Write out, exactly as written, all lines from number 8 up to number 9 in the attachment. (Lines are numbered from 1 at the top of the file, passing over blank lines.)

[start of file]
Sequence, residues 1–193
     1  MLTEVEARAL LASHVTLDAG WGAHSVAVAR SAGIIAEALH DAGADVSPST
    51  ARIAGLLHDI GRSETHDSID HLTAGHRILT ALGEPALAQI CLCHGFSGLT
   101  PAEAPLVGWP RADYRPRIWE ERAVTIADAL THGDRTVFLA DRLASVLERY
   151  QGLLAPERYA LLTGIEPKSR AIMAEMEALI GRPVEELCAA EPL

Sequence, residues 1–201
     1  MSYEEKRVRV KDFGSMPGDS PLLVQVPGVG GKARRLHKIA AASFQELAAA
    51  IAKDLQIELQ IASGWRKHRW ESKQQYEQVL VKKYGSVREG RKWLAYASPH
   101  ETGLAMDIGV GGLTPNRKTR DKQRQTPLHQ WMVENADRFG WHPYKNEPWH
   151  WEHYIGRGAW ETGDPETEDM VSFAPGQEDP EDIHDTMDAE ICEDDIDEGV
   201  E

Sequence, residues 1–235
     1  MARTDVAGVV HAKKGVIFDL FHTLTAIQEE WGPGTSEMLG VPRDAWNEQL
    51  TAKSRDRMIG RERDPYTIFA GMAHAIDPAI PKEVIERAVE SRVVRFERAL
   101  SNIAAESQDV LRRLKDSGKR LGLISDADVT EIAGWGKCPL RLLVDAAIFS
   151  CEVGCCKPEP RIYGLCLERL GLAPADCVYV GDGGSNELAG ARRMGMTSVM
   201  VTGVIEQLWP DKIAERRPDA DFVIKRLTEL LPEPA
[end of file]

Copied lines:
    51  IAKDLQIELQ IASGWRKHRW ESKQQYEQVL VKKYGSVREG RKWLAYASPH
   101  ETGLAMDIGV GGLTPNRKTR DKQRQTPLHQ WMVENADRFG WHPYKNEPWH